DVD Review: Daybreakers Loses Momentum When It Pours on the Blood

Daybreakers starts out addressing some interesting ideas, but dumps them overboard for car chases and splattercore lite as it tries to cram three different movies into one.

Ten years after the outbreak of vampirism almost everyone has been converted, with just 5 percent of the population still human. But as their prey dies off, the vampires are starving.

Ethan Hawke plays Ed Dalton, a hematologist looking for a synthetic blood substitute that could save the vampires and stop human extinction. But his company’s real money comes from harvesting the few remaining humans, hunted by paramilitary squads, hooked up to machines, and bled until they die. Ed is a reluctant vampire, struggling with the morality of killing to live and troubled by the cold greed of his boss (the great Sam Neill) and the kicks his brother Frankie (Michael Dorman) gets being a manhunter.

When Ed protects a band of humans instead of turning them in, they turn to him for help. A lackluster love interest (Claudia Karvan), a former vampire who’s discovered the way back (Willem Dafoe), and an underground army briefly set the movie off toward a Children of Men-style uprising. As the blood supply becomes critical, vampires start to riot in coffee shops and the “subsiders” -- starving vampires who’ve turned animal -- are rounded up and exterminated.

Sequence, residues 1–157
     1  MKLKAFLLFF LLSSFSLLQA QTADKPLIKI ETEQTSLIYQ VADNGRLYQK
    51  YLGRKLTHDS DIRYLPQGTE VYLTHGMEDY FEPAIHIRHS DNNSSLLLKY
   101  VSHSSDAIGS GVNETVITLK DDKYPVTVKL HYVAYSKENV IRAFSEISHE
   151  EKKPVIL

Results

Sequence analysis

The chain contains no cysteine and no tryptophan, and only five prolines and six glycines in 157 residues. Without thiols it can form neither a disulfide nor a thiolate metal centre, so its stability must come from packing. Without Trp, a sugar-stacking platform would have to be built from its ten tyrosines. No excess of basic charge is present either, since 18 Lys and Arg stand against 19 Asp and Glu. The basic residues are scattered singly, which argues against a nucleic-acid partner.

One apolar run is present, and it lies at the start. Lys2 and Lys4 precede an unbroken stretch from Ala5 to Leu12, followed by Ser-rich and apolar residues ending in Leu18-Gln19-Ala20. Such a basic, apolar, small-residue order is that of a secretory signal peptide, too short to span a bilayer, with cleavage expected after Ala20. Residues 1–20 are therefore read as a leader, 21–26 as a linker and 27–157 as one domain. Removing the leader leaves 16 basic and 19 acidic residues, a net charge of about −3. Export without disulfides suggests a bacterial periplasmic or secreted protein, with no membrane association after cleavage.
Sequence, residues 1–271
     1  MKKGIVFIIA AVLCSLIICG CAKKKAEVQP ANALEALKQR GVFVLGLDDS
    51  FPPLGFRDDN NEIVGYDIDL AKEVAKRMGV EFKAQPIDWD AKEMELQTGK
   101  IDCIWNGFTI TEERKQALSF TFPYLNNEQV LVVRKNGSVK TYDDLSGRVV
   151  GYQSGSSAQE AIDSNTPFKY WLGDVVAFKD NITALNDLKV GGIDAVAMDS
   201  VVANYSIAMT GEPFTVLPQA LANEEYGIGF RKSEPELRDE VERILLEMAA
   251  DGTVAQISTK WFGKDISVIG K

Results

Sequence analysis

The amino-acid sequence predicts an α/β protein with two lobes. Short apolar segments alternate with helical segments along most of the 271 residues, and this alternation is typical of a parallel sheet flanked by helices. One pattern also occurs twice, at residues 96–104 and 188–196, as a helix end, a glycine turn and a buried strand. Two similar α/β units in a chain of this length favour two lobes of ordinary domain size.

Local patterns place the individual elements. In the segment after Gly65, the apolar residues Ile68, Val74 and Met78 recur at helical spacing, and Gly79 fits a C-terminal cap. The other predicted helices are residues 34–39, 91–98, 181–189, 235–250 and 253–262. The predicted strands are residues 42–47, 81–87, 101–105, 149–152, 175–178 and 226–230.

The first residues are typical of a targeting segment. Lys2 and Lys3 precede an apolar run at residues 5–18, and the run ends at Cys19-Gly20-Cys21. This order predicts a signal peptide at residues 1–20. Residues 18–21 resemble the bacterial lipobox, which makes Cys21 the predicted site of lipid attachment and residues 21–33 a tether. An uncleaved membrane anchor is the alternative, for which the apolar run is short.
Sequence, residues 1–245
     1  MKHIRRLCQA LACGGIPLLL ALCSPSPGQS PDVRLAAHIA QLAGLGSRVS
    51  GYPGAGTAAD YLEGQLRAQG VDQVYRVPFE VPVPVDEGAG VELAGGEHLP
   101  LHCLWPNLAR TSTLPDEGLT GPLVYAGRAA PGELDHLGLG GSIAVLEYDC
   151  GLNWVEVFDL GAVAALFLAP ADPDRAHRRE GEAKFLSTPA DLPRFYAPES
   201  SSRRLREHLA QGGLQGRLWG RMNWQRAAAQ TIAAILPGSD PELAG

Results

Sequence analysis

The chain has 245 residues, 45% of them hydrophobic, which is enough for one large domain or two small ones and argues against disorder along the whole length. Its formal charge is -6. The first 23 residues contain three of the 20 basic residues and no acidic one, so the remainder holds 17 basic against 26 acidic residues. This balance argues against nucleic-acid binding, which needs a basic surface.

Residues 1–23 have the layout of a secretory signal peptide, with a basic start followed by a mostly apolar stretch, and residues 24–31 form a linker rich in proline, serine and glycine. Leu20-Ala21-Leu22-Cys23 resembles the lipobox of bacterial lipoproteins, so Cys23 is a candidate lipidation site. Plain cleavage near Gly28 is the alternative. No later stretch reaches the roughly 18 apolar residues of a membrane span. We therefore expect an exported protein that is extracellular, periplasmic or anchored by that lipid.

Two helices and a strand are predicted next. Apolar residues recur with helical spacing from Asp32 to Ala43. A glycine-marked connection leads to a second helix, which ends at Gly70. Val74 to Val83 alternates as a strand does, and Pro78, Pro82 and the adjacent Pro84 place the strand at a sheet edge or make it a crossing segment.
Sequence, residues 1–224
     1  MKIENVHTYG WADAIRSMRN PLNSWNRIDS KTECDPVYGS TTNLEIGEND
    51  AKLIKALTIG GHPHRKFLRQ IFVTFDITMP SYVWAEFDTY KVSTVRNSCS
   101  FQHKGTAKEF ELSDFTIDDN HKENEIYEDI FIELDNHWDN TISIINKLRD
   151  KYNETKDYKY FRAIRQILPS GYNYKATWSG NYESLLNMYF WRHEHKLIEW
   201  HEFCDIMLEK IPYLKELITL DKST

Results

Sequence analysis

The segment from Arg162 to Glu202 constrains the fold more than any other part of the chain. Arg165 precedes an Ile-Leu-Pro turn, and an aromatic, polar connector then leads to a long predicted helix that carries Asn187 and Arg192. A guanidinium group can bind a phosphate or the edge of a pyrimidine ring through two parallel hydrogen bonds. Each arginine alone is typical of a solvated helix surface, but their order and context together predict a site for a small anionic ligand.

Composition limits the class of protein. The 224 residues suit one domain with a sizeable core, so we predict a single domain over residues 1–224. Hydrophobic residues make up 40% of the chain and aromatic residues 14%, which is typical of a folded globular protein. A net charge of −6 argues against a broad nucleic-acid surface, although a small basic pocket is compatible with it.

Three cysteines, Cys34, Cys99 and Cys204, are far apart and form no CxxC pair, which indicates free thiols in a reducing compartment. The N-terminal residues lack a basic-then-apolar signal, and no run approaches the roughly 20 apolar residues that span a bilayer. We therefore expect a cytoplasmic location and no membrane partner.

The film is filled with striking images, and the world is deep and well developed. A subwalk connects the city’s buildings to protect vampires by day, makeup ads tout milk-white skin, and early on, a sign reading “Children Crossing 2-3 AM” brings home the world perfectly. Like Blade Runner, Daybreakers starts out using genre to address some interesting moral ideas, and there are obvious parallels to issues from dwindling resources to corporate misconduct and even war crimes. But this time the hybrid doesn’t work.

The cure for vampirism is silly, and the end game turns into a gory splatterfest, with beheadings stapled on as the characters fade into the background. And as a mechanic nicknamed Elvis (must we?), Willem Defoe is just plain bad. His occasional southern accent is goofy and distracting, and he seems to be a refugee from a different, campier movie, maybe Evil Dead 2 or Zombieland.

The special features are thin, just a commentary from the directors and the creature designer, a making-of featurette, the theatrical trailer, and a poster gallery.

It’s not a good sign when a review references so many other movies, but this time it’s appropriate. Daybreakers never finds its own footing as it shoehorns in bits and pieces of other films, and along the way it squanders a great premise, leaving its characters to drown in B-movie blood.

Daybreakers is available now from Lionsgate.